Next Level Māori Cuisine with Monique Fiso
As part of the month-long Los Angeles Times Food Bowl series, chefs New Zealander Monique Fiso and American Timothy Hollingsworth will collaborate on a dinner featuring a seasonal menu using local ingredients and focused on wood-fire grilling at Hollingworth’s LA restaurant Otium.
Last week, Fiso also took part in Plant Power: The No Beast Feast, a garden party focusing on California’s bountiful produce.
Tents, fire pits and the great outdoors might not be the first things you think of when you consider “fine dining,” but Fiso aims to change that. Fiso is the chef and creative force behind Hiakai, a series of Māori-focused pop-ups she started two years ago. The series is devoted to exploring and promoting traditional cooking methods and ingredients of Māori; Fiso has incorporated ingredients such as kawakawa leaves and pūhā in dishes including ice cream, pasta and crackers. And as the Māori-Samoan chef has worked to change others’ perception of Māori cuisine, she’s learned a lot herself.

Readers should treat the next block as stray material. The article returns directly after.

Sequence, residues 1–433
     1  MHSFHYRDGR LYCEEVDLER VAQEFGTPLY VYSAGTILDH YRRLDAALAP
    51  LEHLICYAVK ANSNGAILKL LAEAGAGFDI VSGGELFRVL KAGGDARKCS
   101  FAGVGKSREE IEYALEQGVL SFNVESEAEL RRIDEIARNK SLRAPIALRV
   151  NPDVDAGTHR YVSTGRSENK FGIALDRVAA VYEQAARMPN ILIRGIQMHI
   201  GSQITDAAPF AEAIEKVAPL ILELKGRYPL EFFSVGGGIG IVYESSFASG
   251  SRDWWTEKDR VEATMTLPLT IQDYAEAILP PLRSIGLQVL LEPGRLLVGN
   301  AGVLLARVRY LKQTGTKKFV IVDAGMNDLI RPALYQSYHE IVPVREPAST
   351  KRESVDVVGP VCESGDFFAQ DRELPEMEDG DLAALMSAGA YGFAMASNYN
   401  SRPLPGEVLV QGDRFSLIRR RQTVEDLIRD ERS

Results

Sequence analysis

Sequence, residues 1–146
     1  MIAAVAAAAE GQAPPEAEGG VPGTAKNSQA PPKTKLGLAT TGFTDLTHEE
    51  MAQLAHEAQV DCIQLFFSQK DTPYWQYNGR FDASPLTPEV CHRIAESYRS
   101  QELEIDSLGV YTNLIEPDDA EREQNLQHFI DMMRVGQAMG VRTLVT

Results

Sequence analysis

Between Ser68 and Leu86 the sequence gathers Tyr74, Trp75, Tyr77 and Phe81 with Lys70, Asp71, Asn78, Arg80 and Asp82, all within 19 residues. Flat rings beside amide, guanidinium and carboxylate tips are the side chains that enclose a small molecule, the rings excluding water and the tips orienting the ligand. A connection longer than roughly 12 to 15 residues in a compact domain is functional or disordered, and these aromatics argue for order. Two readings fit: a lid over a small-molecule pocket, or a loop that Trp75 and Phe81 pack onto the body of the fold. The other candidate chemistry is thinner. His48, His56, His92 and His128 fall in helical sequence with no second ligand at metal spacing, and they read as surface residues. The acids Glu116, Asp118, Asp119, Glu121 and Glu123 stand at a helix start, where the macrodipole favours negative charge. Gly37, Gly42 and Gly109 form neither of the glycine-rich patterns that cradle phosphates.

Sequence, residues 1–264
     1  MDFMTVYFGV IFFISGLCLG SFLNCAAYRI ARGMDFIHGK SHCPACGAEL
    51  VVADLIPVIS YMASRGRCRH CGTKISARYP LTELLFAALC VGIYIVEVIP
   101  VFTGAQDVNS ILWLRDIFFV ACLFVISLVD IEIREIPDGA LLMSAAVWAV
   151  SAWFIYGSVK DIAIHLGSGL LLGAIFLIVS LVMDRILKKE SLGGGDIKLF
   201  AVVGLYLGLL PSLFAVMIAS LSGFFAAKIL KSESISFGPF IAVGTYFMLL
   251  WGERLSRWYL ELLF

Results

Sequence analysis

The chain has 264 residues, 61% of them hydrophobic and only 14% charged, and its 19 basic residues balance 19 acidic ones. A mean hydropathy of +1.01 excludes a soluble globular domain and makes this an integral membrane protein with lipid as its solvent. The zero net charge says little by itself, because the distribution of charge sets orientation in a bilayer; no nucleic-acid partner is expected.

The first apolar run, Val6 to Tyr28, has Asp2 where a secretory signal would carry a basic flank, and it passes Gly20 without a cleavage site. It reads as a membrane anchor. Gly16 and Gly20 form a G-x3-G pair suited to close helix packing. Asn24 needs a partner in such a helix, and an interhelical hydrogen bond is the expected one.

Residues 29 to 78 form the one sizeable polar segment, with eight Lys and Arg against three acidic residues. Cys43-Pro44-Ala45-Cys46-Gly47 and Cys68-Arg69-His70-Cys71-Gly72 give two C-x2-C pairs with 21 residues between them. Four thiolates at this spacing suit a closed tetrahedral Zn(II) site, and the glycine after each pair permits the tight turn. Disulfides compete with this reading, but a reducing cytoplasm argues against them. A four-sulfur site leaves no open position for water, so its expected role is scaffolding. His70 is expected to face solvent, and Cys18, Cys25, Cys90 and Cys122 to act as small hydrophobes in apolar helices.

The Los Angeles Times recently spoke over the phone with Fiso about Hiakai, the evolution of Māori cuisine and her plans for the future.
Fiso told the Times she always wanted to work in serious kitchens.
“I started in kitchens when I was about 14, and I went to culinary school at 17 and studied fine dining around the same age. I left New Zealand at 21 and moved to New York because I wanted to work in Michelin-starred kitchens,” Fiso said.
“I did that for about two and a half years and then came home. I noticed the lack of Māori representation in New Zealand, and so I decided to explore that with food.
“When I started out doing Hiakai, I was like, ‘What you need to do is just cook these dishes better than the previous guy would do.’ But then when I started really getting into it, and trying to get the ingredients for the dishes I had in mind, I found for many I coudn’t get them commercially. That’s when it dawned on me that, well, maybe there aren’t Māori restaurants because first you need to build a supply chain.
“I had to go around and check different national parks to see what’s going on in them and forage from there. The big goal I’ve been working on is building suppliers.”
Fiso also said there is no reason why communal eating, like at a hāngi, can’t be considered fine dining.
“It’s just about making sure that the flavours are on point, the execution is right and that it’s worked in a way that it makes sense to the entire progression of the menu,” she said.
“The bricks-and-mortar is happening. Now I feel like the supply chain is strong enough that it can happen. And that people understand that there’s more to Māori cuisine.”
Hiakai won the 2017 award in Māori Development at the New Zealand Innovation Awards.
Original article by Noelle Carter, Los Angeles Times, May 17, 2018.